In 1841, General Vallejo wrote Governor Alvarado that "...there is no doubt that France is intriguing to become mistress of California," but a series of troubled French governments did not uphold French interests in the area. During disagreements with Mexicans, the German-Swiss Francophile John Sutter threatened to raise the French flag over California and place himself and his settlement, New Helvetia, under French protection.

American interest and immigrants

Although a small number of American traders and trappers had lived in California since the early 1830s, the first organized overland party of American immigrants was the Bidwell-Bartleson party of 1841. With mules and on foot, this pioneering group groped their way across the continent using the still untested California Trail. Also in 1841, an overland exploratory party of the United States Exploring Expedition came down the Siskiyou Trail from the Pacific Northwest. In 1844, Caleb Greenwood guided the first settlers to take wagons over the Sierra Nevada. In 1846, the misfortunes of the Donner Party earned notoriety as they struggled to enter California.

By 1846, the province had a non-Native American population of about 1500 Californio adult men (with about 6500 women and children), who lived mostly in the southern half. About 2,000 recent immigrants (almost all adult men) lived mostly in the northern half of California.

United States era (beginning 1846)

When war was declared on May 13, 1846 between the United States and Mexico, it took almost two months (mid-July 1846) for definite word of war to get to California.

U.S. consul Thomas O. Larkin, stationed in Monterey, on hearing rumors of war tried to keep peace between the Americans and the small Mexican military garrison commanded by José Castro. American army captain John C. Frémont with about 60 well-armed men had entered California in December 1845 and was making a slow march to Oregon when they received word that war between Mexico and the U.S. was imminent.

On June 15, 1846, some 30 non-Mexican settlers, mostly Americans, staged a revolt and seized the small Mexican garrison in Sonoma. They raised the "Bear Flag" of the California Republic over Sonoma. It lasted one week until the U.S. Army, led by Fremont, took over on June 23. The California state flag today is based on this original Bear Flag, and continues to contain the words "California Republic."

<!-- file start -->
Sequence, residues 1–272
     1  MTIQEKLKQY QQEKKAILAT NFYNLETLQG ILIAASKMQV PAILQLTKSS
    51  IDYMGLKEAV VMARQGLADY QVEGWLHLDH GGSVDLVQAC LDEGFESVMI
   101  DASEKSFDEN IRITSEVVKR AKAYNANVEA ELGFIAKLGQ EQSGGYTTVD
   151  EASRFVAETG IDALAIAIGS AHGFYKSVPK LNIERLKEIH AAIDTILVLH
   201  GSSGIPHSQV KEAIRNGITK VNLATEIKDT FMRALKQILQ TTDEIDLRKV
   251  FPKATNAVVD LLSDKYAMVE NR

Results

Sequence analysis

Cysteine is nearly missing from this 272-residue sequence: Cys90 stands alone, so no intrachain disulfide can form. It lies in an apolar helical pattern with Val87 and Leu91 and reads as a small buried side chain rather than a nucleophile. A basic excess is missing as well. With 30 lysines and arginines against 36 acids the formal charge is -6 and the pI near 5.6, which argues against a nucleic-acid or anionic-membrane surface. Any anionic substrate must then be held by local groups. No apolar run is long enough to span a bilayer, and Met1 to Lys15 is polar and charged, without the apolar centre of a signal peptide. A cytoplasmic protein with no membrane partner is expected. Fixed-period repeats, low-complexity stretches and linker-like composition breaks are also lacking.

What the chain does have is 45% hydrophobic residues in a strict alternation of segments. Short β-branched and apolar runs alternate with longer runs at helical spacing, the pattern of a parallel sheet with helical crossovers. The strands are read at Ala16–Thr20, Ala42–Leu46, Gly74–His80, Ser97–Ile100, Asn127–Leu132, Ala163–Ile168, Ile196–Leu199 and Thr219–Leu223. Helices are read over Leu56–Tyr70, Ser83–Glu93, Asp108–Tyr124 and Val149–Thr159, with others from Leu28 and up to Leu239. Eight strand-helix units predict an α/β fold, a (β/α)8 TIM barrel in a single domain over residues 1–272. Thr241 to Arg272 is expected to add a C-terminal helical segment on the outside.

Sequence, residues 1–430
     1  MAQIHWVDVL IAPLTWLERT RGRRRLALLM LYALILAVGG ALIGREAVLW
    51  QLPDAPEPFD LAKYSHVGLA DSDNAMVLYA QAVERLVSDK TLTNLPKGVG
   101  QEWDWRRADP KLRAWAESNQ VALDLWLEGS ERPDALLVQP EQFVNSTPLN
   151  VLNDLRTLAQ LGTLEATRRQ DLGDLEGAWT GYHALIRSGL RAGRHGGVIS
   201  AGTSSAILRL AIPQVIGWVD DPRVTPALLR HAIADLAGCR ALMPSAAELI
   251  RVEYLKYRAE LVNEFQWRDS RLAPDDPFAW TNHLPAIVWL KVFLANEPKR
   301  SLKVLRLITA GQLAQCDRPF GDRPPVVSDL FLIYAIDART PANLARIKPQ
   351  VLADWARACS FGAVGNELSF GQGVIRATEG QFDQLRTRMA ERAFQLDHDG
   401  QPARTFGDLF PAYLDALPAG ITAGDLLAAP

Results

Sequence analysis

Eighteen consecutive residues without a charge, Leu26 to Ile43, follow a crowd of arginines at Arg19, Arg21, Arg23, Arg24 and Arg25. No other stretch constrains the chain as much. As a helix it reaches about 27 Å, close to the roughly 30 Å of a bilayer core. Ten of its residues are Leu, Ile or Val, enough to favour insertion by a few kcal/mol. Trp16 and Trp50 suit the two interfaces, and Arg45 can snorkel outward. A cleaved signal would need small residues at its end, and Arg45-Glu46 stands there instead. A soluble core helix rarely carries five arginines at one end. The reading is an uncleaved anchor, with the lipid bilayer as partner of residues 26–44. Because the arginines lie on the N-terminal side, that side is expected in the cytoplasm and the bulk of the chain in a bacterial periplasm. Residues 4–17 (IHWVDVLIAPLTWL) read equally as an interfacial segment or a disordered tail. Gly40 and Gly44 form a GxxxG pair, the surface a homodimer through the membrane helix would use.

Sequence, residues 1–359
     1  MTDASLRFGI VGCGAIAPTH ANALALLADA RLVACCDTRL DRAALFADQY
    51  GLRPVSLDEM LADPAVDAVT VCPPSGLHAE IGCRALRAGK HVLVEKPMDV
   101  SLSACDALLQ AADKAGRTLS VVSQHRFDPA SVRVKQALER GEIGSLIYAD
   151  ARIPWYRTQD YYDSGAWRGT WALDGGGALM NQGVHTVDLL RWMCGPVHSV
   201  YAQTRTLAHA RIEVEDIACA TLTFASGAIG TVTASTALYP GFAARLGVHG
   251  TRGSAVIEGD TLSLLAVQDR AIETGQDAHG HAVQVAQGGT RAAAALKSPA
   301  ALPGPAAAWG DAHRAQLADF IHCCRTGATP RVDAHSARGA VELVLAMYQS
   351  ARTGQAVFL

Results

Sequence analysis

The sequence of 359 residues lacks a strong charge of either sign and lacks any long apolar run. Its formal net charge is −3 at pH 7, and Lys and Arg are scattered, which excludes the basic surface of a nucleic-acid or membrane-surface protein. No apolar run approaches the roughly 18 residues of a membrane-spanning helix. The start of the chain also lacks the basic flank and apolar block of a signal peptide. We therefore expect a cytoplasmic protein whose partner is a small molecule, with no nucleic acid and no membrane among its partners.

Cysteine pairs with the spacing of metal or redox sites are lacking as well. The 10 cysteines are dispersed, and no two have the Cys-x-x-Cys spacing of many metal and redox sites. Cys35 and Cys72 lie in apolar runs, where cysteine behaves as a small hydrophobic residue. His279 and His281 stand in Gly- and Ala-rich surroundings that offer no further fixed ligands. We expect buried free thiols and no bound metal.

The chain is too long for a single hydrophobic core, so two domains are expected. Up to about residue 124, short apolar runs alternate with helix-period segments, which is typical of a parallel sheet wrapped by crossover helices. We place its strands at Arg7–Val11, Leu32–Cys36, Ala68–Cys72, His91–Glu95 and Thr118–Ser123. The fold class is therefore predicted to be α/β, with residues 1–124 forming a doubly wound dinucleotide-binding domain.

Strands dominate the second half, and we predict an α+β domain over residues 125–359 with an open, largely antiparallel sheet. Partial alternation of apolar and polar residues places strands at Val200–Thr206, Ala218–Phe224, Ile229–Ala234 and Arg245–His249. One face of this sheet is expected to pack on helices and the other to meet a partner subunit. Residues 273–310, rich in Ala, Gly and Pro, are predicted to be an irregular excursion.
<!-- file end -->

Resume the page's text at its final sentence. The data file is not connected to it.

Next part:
Commodore John Drake Sloat, on hearing of imminent war and the revolt in Sonoma, ordered his naval forces to occupy Yerba Buena (present San Francisco) on July 7 and raise the American flag. On July 15, Sloat transferred his command to Commodore Robert F. Stockton, a much more aggressive leader. Commodore Stockton, put Frémont's forces under his orders. On July 19, Frémont's "California Battalion" swelled to about 160 additional men from newly arrived settlers near Sacramento, and he entered Monterey in a joint operation with some of Stockton's sailors and marines. The official word had been received—the Mexican-American War was on. The American forces easily took over California; within days they controlled San Francisco, Sonoma, and Sutter's Fort in Sacramento.

When Stockton's forces entered Los Angeles unresisted on August 13, 1846 the nearly bloodless conquest of California seemed complete. Stockton, however, left too small a force (21 men) in Los Angeles, and Californios, acting on their own and without help from Mexico, forced the small American garrison to retire in late September. Reinforcements sent by Stockton were repulsed in a small battle at San Pedro. Meanwhile, General Kearny with a much reduced squadron of 100 dragoons finally reached California after a grueling march across New Mexico, Arizona and the Sonora desert. They fought an inconclusive skirmish at San Pasqual California where 18 of Kearny's weary troopers were killed—the largest skirmish in California.

Stockton rescued Kearny's surrounded forces and their combined forces moved northward from San Diego, entering Los Angeles without opposition on January 10, 1847. Three days later, in the "Cahuenga Capitulation," the last significant body of Californios surrendered to Frémont. That marked the end of the Californio struggle. On January 28, 1847, Army lieutenant William Tecumseh Sherman and his army unit arrived in Monterey, California as American forces in the pipeline continued to stream into California. On March 15, 1847, Col. Jonathan D. Stevenson’s Seventh Regiment of New York Volunteers of about 900 men start arriving in California. All of these men were in place when gold was discovered in January 1848.